Wildchilds concentrates on Iris, a former Paris model now living in a sort of exile with her teenage daughter, Lou. When Iris’s former lover—who is also the father of Lou—dies, she’s forced to return to Paris to secure his photography estate for her daughter. In doing so, Iris must confront the hidden demons from her past and the trauma she endured as a model many years ago.

Great concept, right? Ms. Meliàn is a former model herself and a veteran agent in the fashion industry, so she gives the reader a real inside look into the profession. However, once I began to read, the story took a turn for the worse.

The Fall

The transitions between points-of-view (POV) and timelines were choppy. At certain parts, Ms. Meliàn transitioned from a third-person POV on one character, to a first-person POV from a completely different character within the same paragraph. Other times, she did not include paragraph breaks, chapter breaks, or character labels when switching POV, creating a sense of daunting confusion for the reader.

Often, her dialogue was shallow or repetitive, slowing the story’s pace. Frequently, she’d spend several paragraphs describing the physical attributes of something—a person or a setting—but skirted over the types of important, profound emotions, backstory, or narration readers crave. Her writing usually told, but rarely showed.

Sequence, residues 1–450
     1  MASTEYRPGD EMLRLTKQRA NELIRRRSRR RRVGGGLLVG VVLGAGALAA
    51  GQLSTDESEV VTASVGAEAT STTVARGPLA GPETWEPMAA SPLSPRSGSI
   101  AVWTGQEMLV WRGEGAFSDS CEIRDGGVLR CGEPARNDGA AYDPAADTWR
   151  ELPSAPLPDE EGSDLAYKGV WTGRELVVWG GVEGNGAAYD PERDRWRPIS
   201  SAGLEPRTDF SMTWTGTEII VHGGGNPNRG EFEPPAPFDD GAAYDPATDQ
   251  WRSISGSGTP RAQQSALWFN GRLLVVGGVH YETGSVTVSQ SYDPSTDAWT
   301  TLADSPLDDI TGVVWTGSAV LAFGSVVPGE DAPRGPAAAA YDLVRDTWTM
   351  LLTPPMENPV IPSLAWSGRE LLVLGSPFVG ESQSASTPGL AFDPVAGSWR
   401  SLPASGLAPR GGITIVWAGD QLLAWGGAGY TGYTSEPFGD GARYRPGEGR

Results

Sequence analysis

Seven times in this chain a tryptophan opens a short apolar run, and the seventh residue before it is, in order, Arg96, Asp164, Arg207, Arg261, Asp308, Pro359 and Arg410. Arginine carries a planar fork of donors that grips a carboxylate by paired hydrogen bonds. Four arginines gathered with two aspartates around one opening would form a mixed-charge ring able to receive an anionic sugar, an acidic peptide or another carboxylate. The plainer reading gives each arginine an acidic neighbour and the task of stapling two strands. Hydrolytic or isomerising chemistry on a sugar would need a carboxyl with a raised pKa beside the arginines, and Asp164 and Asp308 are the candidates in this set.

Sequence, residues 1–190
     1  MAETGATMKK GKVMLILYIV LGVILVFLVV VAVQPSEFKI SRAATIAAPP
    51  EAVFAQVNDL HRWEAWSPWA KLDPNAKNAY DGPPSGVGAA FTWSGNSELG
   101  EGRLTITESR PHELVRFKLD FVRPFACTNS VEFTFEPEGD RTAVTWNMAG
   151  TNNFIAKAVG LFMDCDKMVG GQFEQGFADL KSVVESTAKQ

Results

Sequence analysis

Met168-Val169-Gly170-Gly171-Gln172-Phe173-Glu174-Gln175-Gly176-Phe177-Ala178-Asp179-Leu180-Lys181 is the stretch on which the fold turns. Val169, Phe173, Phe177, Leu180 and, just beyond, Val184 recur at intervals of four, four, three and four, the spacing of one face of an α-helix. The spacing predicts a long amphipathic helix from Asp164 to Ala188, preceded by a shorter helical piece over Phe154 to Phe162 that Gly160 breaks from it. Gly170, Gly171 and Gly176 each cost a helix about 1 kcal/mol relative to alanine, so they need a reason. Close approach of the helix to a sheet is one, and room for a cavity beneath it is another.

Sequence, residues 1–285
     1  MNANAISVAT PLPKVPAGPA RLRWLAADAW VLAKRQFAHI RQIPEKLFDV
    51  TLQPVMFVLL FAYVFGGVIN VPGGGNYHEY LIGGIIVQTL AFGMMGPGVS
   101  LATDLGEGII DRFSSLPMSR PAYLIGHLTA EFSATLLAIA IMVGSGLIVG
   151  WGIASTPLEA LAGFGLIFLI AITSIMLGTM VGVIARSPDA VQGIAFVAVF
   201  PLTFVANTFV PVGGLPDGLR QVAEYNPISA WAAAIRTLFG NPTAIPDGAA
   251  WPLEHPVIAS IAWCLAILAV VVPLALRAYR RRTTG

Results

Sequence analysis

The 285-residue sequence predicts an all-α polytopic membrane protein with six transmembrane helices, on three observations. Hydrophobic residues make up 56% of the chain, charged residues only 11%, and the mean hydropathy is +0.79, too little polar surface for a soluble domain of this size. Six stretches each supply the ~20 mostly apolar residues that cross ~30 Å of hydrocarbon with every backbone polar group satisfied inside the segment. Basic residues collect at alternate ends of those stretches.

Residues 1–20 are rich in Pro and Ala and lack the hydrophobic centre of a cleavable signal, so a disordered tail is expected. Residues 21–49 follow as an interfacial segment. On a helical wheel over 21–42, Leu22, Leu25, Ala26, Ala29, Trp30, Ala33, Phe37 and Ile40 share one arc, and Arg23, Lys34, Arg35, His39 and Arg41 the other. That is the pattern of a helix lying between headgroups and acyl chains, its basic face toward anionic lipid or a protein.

The result was a feeling of disconnect, of a story that dragged, of one-dimensional characters. This book had so much more potential.

The Hope

I do believe Ms. Meliàn has it in her to turn this novel around and create a magnificent piece of work. Her ability to write well with deep suspense and intensity shone through from time to time, especially during a pivotal confrontation between the main protagonist and her dark antagonist. I would encourage Ms. Meliàn to seek out a strong structural editor who can help to hone her craft and work this book into one that would touch many lives.

As it stands now, however, I cannot find it in myself to give Wildchilds more than two stars. I do hope that changes one day.